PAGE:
chichilalescu writes: solar planes in the news again (BBC): The UK-built Zephyr solar-powered plane has smashed the endurance record for an unmanned aerial vehicle (UAV). The craft took off from the US Army's Yuma Proving Ground in Arizona at 1440 BST (0640 local time) last Friday and is still in the air.
maybe we can attach some netbooks, and extend the internet to the clouds.
chichilalescu writes: Common sense comatose. Excerpts from the BBC article: "A judge has ordered Men At Work to hand over royalties from the 1983 hit single Down Under after earlier ruling they had plagiarized a children's song. Sinclair, an Australian teacher, wrote Kookaburra Sits In The Old Gum Tree more than 70 years ago. It has since been sung by generations of Australian school children. Larrikin Music, which is owned by London's Music Sales Group, bought the rights to the classic folk song in 1990, following Sinclair's death in 1988."
I can hardly wait for the wonders that software patents have in store for us.
chichilalescu writes: I've had the feeling for a long time that people refuse to listen to scientists. This is from an article on arstechnica: "It's hardly a secret that large segments of the population choose not to accept scientific data because it conflicts with their predefined beliefs: economic, political, religious, or otherwise. But many studies have indicated that these same people aren't happy with viewing themselves as anti-science, which can create a state of cognitive dissonance. That has left psychologists pondering the methods that these people use to rationalize the conflict. A study published in the Journal of Applied Social Psychology takes a look at one of these methods, which the authors term "scientific impotence"—the decision that science can't actually address the issue at hand properly." They also provide the DOI for the original paper, at http://dx.doi.org/10.1111/j.1559-1816.2010.00588.x .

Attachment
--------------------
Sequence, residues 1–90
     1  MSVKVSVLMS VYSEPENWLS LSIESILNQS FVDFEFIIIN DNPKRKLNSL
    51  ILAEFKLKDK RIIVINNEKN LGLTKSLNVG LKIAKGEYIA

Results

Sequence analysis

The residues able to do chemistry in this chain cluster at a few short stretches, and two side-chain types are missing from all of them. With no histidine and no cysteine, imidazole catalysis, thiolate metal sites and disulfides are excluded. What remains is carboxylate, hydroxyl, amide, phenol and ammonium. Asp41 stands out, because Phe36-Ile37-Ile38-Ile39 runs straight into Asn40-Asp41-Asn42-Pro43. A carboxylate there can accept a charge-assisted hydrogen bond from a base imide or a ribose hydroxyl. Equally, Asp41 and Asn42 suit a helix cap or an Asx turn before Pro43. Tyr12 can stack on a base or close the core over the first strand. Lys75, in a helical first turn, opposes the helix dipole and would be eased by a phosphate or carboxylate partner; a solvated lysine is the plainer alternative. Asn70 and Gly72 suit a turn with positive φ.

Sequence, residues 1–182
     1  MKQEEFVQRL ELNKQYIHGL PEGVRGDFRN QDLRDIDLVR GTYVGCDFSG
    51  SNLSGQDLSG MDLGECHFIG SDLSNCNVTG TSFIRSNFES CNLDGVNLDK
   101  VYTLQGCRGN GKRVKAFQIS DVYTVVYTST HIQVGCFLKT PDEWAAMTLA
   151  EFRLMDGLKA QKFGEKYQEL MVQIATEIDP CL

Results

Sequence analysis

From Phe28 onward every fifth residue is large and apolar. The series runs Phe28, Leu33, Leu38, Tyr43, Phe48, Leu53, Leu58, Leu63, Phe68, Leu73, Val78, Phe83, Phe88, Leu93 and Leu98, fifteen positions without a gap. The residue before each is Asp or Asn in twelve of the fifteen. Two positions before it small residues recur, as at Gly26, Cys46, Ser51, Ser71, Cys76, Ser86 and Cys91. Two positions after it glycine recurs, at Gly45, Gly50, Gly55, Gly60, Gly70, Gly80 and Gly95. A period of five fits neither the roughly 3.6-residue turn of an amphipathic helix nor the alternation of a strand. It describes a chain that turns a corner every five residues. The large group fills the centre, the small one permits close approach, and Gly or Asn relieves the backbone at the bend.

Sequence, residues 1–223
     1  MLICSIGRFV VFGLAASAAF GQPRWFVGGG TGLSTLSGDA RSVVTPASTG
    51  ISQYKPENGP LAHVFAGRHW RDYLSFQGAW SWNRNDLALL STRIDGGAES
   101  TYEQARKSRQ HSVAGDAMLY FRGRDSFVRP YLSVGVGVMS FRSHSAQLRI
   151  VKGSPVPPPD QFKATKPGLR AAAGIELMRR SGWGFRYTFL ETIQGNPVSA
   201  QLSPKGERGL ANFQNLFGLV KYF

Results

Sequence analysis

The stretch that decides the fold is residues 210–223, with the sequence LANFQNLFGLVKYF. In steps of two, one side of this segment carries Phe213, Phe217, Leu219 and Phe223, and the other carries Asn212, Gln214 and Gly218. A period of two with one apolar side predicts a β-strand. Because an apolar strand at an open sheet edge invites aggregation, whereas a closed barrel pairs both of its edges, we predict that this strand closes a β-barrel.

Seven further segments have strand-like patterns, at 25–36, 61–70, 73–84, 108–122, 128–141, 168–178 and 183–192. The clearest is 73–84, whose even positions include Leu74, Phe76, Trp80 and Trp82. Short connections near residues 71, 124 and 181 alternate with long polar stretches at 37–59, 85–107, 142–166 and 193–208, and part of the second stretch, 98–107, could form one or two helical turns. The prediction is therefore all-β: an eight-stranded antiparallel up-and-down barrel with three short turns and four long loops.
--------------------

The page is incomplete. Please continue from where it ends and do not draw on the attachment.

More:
chichilalescu writes: There's an article on BBC discussing the way chimps react to death: "Chimpanzees deal with death in much the same way as humans, studies suggest. Scientists in Scotland filmed a group of chimps grooming and caressing an elderly female who died, and remaining subdued for several days afterwards. Other researchers saw females carrying around the bodies of their dead children. Both studies are reported in the journal Current Biology." I thought that since there recentyl was the Stephen Hawking don't talk to aliens stuff, this would be a good point to start thinking about what it means to be self-aware.
Here we are trying to find aliens and to build intelligent machines. But we are ignoring our cousins who can talk, can feel, and can probably help us understand our own emotions. So why aren't we trying to teach chimps to read and write? Why do people spend money on MMORPGs (or whatever), when they could try to connect to a different species, and explore the problems of intelligence and consciousness?
chichilalescu writes: This is probably a stupid question, but I thought I'd ask anyway. As a physicist and a programmer, I feel that humans are not as efficient as they could be. I have no idea of the exact values, but I assume that we do not take all the energy stored in our food. Additionally, our food is only a part of the plants and animals that we kill to eat. I would like to have a machine where i pour water, air and some various salts, and it gives me a fluid that i can drink (or, even better, put in my veins directly), so that I wouldn't need to eat anything else. think for instance of the borg in star trek, that "ate" electricity. I assume that something like this would have been created already if it were possible, but as I have no real knowledge of the biology involved, I'd like to know how close I can get to using energy from a power plant directly instead of food.